Having said that, I think there are so many things that have to change. We need better personal responsibility for our own health. We need better knowledge of how to speak with agents in insurance to represent ourselves and our health needs and demand better service. We need better accountability of our medical staff, better use of our skills with less use of our services so that the bill does not add up to such staggering numbers. We need to stop thinking of health care as a way to make money. I think the crux of the problem is that we treat people as a commodity in this country and it is starting to break down. Making money off sick people is sick. And it is not working.

Is this bill going to change all of the above? Probably not. But it is going to help affect change. It is helping us discuss and acknowledge the drawbacks in our system, the lack of a system, the lack of accountability. It is starting the change.

And just so you know, after all of my years working and seeing how it goes, I totally support social medicine. All the best health care workers I have ever met worked in the settings where government was providing the care. They were not there for the money, they were there because of their calling to their field. And aren’t those the people you want caring for your mother/father/husband/child/sister/brother/friend?

Kate asked what I fear? To be honest, not very much. I do not listen to the reports of doom and the insane rhetoric flying around in the air of this country right now. I live my daily life, perform to the best of my abilities in my job and remember that I may have to remain very flexible in order to stay in my field. Fear can suck it. That's what I say to that big ol' fear boner, Kate.

And that's all I have to say about that.


Dawn Johnson Warren said...

Thank you. For being you and for being willing to share your experiences. I don't have a lot of experience, only instinct and I agree with you that I don't know and that I'm glad the conversation is being had. That's how things change, when people get emotional about it and when their individual stories become the stories shared among others.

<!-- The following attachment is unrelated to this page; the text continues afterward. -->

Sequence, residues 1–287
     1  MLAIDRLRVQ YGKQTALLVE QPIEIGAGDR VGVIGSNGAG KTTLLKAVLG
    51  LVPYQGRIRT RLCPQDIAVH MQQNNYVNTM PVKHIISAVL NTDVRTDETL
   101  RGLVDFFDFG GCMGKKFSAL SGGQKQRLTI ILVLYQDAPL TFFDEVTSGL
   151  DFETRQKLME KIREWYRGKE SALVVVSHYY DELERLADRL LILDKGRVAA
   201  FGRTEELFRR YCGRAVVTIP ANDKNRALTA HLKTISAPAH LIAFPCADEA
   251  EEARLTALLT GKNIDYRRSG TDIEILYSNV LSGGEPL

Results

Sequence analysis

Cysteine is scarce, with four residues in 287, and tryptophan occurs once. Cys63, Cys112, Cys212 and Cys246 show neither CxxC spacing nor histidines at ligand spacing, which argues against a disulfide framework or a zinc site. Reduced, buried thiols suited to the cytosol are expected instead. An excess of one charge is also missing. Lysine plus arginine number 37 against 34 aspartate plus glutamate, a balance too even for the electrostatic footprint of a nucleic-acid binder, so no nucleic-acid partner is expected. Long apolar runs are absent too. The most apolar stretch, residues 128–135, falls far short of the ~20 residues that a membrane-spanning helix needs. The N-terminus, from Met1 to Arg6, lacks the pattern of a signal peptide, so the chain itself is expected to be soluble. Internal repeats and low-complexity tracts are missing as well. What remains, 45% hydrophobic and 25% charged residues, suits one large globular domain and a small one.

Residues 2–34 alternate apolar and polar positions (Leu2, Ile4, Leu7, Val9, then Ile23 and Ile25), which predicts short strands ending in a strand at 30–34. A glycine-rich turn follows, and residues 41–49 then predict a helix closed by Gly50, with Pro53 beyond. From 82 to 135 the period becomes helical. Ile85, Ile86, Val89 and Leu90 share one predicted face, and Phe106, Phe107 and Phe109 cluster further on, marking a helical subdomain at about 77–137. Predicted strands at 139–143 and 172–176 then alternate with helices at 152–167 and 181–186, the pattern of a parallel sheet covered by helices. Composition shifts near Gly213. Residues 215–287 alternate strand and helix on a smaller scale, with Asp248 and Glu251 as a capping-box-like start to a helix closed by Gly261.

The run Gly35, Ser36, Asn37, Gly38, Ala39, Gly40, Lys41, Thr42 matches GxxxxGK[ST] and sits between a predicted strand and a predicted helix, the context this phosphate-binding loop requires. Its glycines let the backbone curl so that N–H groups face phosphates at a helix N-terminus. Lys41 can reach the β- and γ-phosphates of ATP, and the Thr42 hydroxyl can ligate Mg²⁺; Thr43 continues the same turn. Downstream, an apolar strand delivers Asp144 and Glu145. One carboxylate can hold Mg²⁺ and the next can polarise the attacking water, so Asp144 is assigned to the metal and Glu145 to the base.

LauraC said...

Love This Post!

Bea said...

loved this post! i've been following the health care thing pretty closely, and it's always so interesting to get the point of view from someone who's in the trenches. i'm just really glad robby can't be denied coverage when he gets older because of his asthma. i've heard the same thing about socialized medicine from friends who live in turkey, and my sister who lived in costa rica, that while the technology isn't as advanced as ours, the level of care is very good.

Sarah-potterknitter said...

When I got pregnant the first time I did the math. Maternity coverage would have cost three times as much as paying out of pocket!
Luckily NC has a state program also called BabyLove. It's pretty amazing to be having an ultrasound every two weeks and never think of the cost!

Sadia said...

Amiee, thanks so much for taking the time to share your experiences. I think you underscore what we all know, but many choose to ignore. The system is complicated because the needs are complicated. I am delighted to see that the Powers That Be are tackling the issue.